How to make an English longbow

Bow & arrow: the longbow

The modern longbow

Today the longbow is primarily a piece of sports equipment with a significantly lower pulling weight than the war bows back then. Longbows are available in a wide variety of designs, both traditional and modern, and with or without a shot window. Traditional archers like to use longbows in combination with traditional wooden arrows.
Depending on the design, the same precision can be achieved with modern longbows and appropriate arrow material in intuitive archery as with other bows in modern construction.

What to consider when buying a longbow

When buying a longbow in a modern design, of course, the same principles apply as when buying a bow in general. While the traditional longbow naturally “closes” strongly towards the rear and causes a very pronounced hand shock, the use of modern materials and construction methods enables significantly softer pull-out and shooting behavior. Compared to the recurve bow, a shot with such a longbow still feels different, of course, because the counter-bending of the limbs is missing and the tendon does not hit the limbs when fired, with the longbow. The difference between the recurve bow and the longbow disappears more and more in the design of the hybrid bow *.

Longbow purchase criteria, ancient knowledge:

If you buy a traditional longbow, what you can read about in Toxophilus - The School of Archery still applies today:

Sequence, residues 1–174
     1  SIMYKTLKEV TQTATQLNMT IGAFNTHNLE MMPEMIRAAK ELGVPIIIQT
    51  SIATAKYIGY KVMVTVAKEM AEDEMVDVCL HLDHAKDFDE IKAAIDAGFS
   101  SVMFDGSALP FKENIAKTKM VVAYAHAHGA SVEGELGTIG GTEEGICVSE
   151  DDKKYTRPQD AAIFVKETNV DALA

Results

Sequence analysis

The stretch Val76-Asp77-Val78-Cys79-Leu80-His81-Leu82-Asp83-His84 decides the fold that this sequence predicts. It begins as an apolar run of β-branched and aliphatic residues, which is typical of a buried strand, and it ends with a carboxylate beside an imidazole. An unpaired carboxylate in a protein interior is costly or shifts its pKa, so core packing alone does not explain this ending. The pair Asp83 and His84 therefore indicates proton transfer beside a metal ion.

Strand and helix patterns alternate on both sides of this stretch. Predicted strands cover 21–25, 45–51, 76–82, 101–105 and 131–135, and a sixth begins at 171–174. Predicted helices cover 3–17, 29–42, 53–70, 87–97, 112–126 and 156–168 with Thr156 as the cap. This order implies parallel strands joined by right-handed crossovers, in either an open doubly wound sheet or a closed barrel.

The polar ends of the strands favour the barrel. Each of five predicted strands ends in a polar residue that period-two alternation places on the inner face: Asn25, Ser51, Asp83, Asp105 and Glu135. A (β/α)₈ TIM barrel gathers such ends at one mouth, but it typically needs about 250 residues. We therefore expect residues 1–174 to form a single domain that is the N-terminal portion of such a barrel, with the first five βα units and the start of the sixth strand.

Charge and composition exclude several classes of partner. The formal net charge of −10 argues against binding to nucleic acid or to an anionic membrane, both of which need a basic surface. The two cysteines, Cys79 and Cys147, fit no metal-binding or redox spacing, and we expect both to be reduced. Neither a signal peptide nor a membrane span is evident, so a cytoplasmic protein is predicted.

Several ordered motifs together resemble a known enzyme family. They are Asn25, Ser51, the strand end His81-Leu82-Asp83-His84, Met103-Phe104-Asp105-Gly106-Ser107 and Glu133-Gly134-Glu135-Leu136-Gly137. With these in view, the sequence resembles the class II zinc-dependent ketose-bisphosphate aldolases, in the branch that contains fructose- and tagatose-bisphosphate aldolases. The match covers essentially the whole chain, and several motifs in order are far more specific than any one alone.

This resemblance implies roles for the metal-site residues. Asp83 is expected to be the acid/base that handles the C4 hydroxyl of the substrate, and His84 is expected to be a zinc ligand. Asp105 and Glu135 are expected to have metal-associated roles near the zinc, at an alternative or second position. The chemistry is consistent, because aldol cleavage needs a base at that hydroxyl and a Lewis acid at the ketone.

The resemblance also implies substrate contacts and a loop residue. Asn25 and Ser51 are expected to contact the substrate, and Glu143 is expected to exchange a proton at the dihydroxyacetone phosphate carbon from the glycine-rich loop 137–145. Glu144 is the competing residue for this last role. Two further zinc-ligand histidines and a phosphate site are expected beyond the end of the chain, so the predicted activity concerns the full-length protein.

Tox: So I'm going to list some of the features of a bow for you so that you are less likely to be fooled. If you come into a shop and find a bow that is slim, long, heavy and strong, dead straight and not twisted, unencumbered by knots, cracks, stains, cracks or bruises, I advise you to buy it. The best color of a bow is, in my opinion, such that the front and back are mostly made the same, which in practice mostly turns out to be light wax colors or golden, with fine long fibers from one end of the bow to the other. Although the short fiber sometimes proves to be good, it is usually very brittle. I'm not going to spend too much time building bows so as not to give the impression that I'm in an area of ​​which I have little idea. Nevertheless, I ask all bow makers to dry their blanks well, to work them well and to reduce them, to harden them sufficiently with heat and to till them well.

Ashamed, Roger. Toxophilus, The School of Archery (German Edition). Wiethase Verlag. Kindle version. *

Buying a traditional longbow is of course always a matter of trust. Of course you can also build a longbow yourself ...